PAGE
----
Scripture Readings: Luke 8:1-3, John
Who was Mary of Magdala? We read in Luke 8:1-3 that she
was one of several women traveling with Jesus and the disciples through cities
and villages in Galilee, that she had been "cured of evil spirits and
infirmities," that "seven demons had gone out" of her, that within the Jesus
movement she was known as "Magdalene," and that she and the other women
"provided for" the disciples "out of their resources."
This brief passage is extraordinary. A preacher traveling with a woman not under
the care of her father or husband would have been scandalous in first century
Jewish society. However we understand Mary’s healing, certainly her life was
transformed. Furthermore, Mary of Magdala is described as a woman with
independent resources, which she was using to fund the ministry of Jesus.
Finally, in this movement she had a special name, Magdalene.
We hear nothing more about Mary Magdalene in the New Testament gospels until the
end of each. In the gospels of Matthew, Mark, and John, Mary Magdalene is named
as a witness to the death of Jesus on the cross, and she is the only witness
named in all four gospels who is present after the sabbath among the women who
come to the tomb and find it empty. In addition, in the gospel of John she is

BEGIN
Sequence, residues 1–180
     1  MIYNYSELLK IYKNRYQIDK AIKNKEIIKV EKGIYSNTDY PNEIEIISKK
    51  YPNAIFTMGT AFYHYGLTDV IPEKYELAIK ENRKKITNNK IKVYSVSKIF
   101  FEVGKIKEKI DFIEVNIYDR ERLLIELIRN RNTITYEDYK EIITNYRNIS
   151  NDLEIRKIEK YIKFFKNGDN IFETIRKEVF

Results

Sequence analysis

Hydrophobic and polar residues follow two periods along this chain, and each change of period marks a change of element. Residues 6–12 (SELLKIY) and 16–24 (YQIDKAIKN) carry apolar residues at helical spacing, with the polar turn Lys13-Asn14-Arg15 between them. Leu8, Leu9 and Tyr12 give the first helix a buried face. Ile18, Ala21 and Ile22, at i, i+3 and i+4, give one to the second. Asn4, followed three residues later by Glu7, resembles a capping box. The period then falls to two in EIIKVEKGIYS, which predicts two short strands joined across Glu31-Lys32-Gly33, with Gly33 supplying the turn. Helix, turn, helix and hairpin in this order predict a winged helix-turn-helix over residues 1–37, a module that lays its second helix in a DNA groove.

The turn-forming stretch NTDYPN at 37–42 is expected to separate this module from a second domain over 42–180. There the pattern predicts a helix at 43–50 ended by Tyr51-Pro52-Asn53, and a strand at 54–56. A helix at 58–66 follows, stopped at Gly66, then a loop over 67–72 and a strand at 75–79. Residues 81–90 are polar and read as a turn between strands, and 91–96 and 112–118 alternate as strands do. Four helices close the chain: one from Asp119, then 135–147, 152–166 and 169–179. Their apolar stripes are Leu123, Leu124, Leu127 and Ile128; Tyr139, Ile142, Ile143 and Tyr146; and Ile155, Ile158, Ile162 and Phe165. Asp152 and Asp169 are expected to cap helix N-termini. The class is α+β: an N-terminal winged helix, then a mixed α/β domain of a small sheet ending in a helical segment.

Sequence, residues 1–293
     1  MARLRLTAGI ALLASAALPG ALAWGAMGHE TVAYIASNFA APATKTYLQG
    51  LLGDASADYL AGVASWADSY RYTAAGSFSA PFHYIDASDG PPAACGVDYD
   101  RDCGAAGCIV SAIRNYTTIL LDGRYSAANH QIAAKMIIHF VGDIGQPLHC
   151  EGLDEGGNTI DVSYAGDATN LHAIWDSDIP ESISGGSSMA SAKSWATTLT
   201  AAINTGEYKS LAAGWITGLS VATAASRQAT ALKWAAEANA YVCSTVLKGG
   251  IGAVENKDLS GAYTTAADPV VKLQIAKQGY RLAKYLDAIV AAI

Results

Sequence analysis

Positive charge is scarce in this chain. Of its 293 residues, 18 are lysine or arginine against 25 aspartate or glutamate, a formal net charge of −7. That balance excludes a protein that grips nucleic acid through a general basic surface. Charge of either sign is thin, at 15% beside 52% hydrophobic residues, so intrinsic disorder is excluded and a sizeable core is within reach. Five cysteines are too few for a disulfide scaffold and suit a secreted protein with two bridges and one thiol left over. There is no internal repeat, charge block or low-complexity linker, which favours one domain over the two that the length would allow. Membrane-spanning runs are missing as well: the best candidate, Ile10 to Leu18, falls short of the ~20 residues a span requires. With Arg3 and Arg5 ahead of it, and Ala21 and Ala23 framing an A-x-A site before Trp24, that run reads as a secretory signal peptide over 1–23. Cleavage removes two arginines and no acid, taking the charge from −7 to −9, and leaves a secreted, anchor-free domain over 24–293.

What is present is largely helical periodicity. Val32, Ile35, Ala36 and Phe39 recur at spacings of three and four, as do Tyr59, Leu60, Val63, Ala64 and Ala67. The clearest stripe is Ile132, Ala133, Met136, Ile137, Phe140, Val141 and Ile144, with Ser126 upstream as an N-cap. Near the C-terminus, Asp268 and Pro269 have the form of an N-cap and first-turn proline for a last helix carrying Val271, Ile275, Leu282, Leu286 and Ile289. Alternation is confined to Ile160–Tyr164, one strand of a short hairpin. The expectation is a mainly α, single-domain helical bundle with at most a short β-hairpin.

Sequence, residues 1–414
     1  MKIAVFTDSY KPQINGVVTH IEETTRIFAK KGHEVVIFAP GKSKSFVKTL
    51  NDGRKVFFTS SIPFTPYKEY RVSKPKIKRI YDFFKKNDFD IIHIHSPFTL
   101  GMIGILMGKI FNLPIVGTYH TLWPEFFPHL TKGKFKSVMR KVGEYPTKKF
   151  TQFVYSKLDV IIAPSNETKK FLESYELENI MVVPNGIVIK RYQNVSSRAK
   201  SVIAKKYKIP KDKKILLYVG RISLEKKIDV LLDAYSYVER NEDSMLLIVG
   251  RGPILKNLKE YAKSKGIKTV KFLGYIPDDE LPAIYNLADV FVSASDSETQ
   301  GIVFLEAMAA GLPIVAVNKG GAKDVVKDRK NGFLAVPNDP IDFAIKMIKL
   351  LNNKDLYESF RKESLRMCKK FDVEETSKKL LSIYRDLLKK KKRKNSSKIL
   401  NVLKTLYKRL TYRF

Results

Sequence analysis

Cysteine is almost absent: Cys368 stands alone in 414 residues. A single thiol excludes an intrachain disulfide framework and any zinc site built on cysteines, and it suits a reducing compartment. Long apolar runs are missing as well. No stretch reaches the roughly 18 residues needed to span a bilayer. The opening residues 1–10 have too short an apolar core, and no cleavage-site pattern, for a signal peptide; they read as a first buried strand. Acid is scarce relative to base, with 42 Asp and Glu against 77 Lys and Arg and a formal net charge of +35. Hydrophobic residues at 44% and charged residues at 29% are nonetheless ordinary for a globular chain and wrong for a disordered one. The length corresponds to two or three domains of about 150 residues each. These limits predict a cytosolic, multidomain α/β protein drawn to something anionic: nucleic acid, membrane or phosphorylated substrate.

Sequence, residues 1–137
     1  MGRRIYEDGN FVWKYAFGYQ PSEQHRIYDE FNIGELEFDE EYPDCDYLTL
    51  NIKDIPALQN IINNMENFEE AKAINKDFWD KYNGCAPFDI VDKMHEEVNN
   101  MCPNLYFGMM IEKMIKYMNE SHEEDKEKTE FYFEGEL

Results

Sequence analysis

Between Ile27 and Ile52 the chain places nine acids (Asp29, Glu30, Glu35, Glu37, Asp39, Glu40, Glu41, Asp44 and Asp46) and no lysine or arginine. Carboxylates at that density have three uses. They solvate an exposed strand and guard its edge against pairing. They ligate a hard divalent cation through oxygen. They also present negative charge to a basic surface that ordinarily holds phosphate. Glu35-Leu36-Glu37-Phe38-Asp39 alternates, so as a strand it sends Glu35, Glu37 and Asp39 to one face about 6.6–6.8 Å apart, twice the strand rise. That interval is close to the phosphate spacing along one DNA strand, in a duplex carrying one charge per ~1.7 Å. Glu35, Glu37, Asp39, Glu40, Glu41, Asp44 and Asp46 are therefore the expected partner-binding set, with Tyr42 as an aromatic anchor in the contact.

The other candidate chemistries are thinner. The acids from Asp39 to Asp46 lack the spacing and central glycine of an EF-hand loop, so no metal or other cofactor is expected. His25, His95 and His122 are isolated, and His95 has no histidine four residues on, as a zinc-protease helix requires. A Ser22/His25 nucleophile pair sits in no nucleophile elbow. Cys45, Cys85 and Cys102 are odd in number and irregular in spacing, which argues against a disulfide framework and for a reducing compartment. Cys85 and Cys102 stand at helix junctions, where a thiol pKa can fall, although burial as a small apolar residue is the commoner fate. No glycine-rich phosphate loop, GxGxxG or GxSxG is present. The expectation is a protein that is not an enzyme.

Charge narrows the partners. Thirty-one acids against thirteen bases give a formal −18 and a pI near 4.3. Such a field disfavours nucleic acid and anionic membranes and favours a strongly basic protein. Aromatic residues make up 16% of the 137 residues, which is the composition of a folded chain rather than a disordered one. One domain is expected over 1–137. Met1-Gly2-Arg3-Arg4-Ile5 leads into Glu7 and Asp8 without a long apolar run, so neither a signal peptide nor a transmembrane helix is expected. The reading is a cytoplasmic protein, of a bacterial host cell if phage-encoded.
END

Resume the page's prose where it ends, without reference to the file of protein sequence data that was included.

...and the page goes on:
the first to experience the resurrected Lord, who tells her to explain to the
disciples what has happened.
The primary role of Mary Magdalene at the end of the gospels, and especially in
the gospel of John, is even more astonishing when we consider 1 Corinthians
15:3-8. "For I handed on to you," Paul writes, "as of first importance what I in
turn had received: that Christ died for our sins in accordance with the
scriptures, and that he was buried, and that he was raised on the third day in
accordance with the scriptures, and that he appeared to Cephas [Peter], then to
the twelve. Then he appeared to more than five hundred brothers and sisters at
one time, most of whom are still alive, though some have died. Then he appeared
to James [the brother of Jesus], then to all the apostles. Last of all, as to
one untimely born, he appeared also to me."
This teaching, which Paul says came from Peter and James, the brother of Jesus,
the leading apostles of the Jerusalem Church, tells us nothing about the
appearance of the risen Lord to Mary Magdalene related in the gospel of John.
Acts and the letters of Paul are silent about the woman the gospel of Luke says
was remembered in the early church as Magdalene. But she is prominent in some of
the early Christian writings discovered in the middle of the twentieth century
near Nag Hammadi in Egypt. Fragments in Greek and Coptic of what is called "the
gospel of Mary," which dates to the late first or early second century, depict
Mary Magdalene as a leader among the apostles.
In this gospel Mary encourages the apostles, who are despairing. "Do not weep
and be distressed," she says, "nor let your hearts be irresolute. For his grace
will be with you all and will shelter you." (5:5-6) In this account Peter says